Several years ago, when I looked for training courses on the subject of parallel programming for shared memory systems I found few courses being offered. Some friends of mine and I did find a very nice course from a 3rd-party vendor on threaded programming. The course mainly focused on "C" and using POSIX threads to explicitly manage thread creation. The course did touch on higher level concepts such implementing a producer consumer using semaphores - but on balance - my recollection of the course was how I had to manage threads as
I put together a three minute video to give new visitors to the Intel Software Network some quick pointers to the most useful features, benefits and resources of the Parallel Programming & Multi-Core Community. Please take a moment to watch the video and if you want a quick link I have included the text with links for you to find the information fast. Let me know what you think.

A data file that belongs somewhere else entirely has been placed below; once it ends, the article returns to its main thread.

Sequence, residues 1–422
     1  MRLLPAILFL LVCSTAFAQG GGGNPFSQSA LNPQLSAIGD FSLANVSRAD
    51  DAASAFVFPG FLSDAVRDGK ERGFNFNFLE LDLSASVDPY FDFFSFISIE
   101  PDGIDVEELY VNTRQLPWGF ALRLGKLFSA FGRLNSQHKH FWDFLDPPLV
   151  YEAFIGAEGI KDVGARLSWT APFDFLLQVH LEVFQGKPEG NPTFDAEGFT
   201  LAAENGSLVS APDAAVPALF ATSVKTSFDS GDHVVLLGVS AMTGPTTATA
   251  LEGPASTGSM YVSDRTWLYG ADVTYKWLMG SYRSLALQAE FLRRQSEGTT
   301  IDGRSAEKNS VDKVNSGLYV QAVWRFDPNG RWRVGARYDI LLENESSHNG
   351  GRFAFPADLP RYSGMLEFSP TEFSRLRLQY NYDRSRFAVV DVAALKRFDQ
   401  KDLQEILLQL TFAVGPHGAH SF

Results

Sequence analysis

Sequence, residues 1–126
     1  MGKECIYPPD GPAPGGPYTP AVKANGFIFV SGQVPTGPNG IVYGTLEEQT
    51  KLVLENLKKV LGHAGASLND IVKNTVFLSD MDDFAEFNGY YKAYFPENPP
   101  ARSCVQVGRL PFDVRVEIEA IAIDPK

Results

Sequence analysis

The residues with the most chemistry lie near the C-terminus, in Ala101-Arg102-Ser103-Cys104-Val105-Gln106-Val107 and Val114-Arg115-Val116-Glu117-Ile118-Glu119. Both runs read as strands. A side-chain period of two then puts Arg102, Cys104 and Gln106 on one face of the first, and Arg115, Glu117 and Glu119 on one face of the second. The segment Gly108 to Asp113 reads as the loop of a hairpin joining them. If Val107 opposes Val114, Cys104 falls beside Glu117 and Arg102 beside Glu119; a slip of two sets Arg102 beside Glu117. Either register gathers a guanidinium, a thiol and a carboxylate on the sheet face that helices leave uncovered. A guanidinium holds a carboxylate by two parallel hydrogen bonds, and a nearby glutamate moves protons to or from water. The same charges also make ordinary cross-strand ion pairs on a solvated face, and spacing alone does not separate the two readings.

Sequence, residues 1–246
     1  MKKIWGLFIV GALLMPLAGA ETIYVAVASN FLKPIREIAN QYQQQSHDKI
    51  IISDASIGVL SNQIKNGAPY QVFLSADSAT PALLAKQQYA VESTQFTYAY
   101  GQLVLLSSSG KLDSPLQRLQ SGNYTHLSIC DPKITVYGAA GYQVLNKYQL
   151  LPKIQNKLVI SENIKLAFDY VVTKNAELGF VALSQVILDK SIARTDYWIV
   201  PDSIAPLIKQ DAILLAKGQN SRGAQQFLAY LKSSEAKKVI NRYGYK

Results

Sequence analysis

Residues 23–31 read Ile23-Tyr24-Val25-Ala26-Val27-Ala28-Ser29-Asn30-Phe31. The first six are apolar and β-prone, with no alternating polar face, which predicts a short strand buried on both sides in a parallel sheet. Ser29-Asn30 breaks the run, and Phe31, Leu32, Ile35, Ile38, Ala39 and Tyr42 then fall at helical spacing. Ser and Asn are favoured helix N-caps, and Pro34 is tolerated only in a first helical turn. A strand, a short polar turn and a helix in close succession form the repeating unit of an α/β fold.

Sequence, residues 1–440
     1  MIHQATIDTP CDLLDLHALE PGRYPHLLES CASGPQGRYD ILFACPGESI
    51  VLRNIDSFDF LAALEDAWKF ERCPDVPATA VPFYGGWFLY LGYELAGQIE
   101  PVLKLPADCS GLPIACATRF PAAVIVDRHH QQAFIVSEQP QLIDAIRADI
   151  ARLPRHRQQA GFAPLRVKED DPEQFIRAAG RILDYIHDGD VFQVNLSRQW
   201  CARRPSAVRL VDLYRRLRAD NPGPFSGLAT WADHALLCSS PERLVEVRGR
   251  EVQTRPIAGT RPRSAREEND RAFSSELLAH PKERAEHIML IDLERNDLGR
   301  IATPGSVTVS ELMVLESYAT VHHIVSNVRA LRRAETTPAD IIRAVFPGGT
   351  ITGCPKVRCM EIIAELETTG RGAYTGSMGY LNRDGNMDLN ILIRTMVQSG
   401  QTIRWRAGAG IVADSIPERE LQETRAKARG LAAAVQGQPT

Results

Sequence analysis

Imagine the latest edition of a fairly basic textbook discussing the fundamentals of a discipline, perhaps not Computer Science, but some related subject. There is probably a chapter on automation with a nice basic block diagram of a computer, which looks like it hasn’t been updated since the 1980s. It depicts the system as composed of fundamental components like, memory, mass storage, peripherals, and of course one single-core CPU, that might be further decomposed as ALU, registers, etc. Sound familiar?
While Intel ® celebrates the 1000th University Milestone worldwide, we’re proud to count among them 268 of the best universities in the Europe-Middle-East and Africa region across 44 countries.
Last time I posted the topic – "Compare Windows* threads, OpenMP*, Intel® Threading Building Blocks for parallel programming" </en-us/blogs/2008/12/16/compare-windows-threads-openmp-intel-threading-building-blocks-for-parallel-programming >, and listed their advantages and disadvantages.